Jimmy Cricket was quick to pay tribute to his close friend and fellow comedian Sir Ken Dodd who has died aged 90.
Liverpool legend Sir Ken, creator of the Diddy Men, had recently been released from hospital after six weeks of treatment for a chest infection.
Only days before his death – which was announced this morning (Monday) – he married Anne Jones, his partner of 40 years, at their house in the Liverpool suburb of Knotty Ash.
Said Jimmy: “Sir Ken Dodd was not only our greatest ever stand-up comedian but a genuinely nice man.”
Replying to the tribute, which Jimmy had posted on his Twitter account, entertainer Bernie Clifton said: “A World without Ken Dodd is a poorer, darker place. What a Man, I’ve lost a good friend. RIP Sir.”
Liverpool Mayor Joe Anderson said a book of condolence would open later on Monday, tweeting: “We are comforted by the joy and happiness he brought the world.”
Actress and fellow Liverpudlian Claire Sweeney posted her own tribute on Twitter (below) and included photos from Sir Ken’s 90th birthday party in the city.
Jimmy had been among those to pay tribute to his friend and fellow entertainer Sir Ken when he was honoured with a lifetime achievement award in October.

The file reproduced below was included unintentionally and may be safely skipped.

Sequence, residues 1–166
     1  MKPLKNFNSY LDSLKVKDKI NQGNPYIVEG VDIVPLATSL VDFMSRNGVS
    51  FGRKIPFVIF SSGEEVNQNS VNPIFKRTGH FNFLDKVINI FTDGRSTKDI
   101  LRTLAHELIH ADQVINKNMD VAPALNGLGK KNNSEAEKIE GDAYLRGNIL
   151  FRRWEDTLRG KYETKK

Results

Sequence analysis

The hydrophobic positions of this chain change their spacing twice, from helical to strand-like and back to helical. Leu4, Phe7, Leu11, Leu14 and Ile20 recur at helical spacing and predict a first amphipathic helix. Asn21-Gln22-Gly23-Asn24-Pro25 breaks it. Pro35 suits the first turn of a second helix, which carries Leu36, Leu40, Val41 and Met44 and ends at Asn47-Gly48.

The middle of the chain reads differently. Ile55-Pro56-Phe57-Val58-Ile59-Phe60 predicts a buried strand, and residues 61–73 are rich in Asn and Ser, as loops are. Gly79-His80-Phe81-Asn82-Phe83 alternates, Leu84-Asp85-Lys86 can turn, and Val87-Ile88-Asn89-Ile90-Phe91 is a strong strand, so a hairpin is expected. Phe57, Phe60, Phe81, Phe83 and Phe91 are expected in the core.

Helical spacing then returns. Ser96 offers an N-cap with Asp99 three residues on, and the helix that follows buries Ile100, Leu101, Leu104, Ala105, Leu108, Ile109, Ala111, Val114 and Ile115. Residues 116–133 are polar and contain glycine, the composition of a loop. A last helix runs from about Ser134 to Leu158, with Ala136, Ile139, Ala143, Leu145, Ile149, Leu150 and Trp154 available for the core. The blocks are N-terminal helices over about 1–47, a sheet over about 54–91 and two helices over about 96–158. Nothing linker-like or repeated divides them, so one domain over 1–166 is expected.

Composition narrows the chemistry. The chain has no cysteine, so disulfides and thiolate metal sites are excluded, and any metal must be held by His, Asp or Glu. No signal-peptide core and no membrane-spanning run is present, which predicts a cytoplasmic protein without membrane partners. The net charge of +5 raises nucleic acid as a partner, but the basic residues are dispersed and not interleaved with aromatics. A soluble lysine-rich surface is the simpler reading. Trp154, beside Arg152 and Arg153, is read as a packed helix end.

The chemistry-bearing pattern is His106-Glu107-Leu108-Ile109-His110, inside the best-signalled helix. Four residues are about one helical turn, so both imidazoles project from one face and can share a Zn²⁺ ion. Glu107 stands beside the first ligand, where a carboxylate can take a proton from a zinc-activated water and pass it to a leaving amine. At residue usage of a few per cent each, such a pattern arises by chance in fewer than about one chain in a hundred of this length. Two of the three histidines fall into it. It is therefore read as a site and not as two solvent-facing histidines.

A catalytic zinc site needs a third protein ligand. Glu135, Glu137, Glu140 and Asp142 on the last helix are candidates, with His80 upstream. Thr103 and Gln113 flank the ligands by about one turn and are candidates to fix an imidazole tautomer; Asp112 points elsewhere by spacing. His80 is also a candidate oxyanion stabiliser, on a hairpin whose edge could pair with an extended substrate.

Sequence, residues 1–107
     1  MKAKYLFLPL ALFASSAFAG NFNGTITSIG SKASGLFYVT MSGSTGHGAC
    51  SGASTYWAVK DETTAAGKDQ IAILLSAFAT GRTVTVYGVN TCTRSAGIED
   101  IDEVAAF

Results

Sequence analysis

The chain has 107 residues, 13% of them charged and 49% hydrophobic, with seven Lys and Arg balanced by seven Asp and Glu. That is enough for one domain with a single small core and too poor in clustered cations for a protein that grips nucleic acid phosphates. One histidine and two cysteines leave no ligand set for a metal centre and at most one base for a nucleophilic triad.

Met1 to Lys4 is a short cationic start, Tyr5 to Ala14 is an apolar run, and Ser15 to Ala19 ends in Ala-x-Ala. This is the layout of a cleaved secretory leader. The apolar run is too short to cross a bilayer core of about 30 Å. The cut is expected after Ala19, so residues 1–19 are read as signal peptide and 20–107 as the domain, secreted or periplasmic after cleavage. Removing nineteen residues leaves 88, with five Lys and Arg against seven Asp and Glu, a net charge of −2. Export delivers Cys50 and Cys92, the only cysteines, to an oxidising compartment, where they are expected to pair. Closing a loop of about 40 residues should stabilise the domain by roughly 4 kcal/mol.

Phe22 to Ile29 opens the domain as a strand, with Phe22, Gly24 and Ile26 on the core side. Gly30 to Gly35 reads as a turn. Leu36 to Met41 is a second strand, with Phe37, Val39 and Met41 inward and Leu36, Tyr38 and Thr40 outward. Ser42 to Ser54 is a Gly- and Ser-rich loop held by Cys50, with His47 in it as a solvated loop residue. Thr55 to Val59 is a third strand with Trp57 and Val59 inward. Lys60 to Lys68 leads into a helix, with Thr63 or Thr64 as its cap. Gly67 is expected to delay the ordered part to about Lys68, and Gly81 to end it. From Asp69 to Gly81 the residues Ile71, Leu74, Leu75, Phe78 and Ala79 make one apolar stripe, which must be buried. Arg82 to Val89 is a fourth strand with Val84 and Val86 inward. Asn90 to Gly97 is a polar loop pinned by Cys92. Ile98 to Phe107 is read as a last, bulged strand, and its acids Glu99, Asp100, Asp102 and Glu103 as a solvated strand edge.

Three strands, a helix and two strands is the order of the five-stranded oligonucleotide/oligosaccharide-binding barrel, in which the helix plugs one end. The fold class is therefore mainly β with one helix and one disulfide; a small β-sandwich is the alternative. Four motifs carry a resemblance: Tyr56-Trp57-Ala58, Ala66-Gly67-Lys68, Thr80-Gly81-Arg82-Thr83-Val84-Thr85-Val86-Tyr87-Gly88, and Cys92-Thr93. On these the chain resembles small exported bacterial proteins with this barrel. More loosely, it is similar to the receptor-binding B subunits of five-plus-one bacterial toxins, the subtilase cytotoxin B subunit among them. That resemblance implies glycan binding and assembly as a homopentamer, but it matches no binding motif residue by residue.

Sir Ken had received the accolade in front of a star-studded audience at the British Music Hall Society event at the Lansdowne Club in central London.
He was famous for his very long stand-up shows, which sometimes lasted until the early hours of the morning, along with his Diddy Men from Knotty Ash and his tickling stick.
The son of a coal merchant, Sir Ken had been a comedian since 1954 and made it into the Guinness Book of Records for telling 1,500 jokes in three-and-a-half hours.
Sir Ken was also a ventriloquist and an established singer. He had many recording hits, charting on 18 occasions in the UK Top 40, and his version of Bill Anderson’s Happiness, which reached 31 in the charts in 1964, became his signature song.
His recording of Tears topped the UK singles chart for five weeks in 1965, becoming the biggest hit single in Britain that year and selling more than a million copies in the UK alone, where it was the third best selling song of the 1960s and is the 39th top selling single of all time.
His publicist Robert Holmes said: “To my mind, he was one of the last music hall greats. He passed away in the home that he was born in over 90 years ago. He’s never lived anywhere else. It’s absolutely amazing.”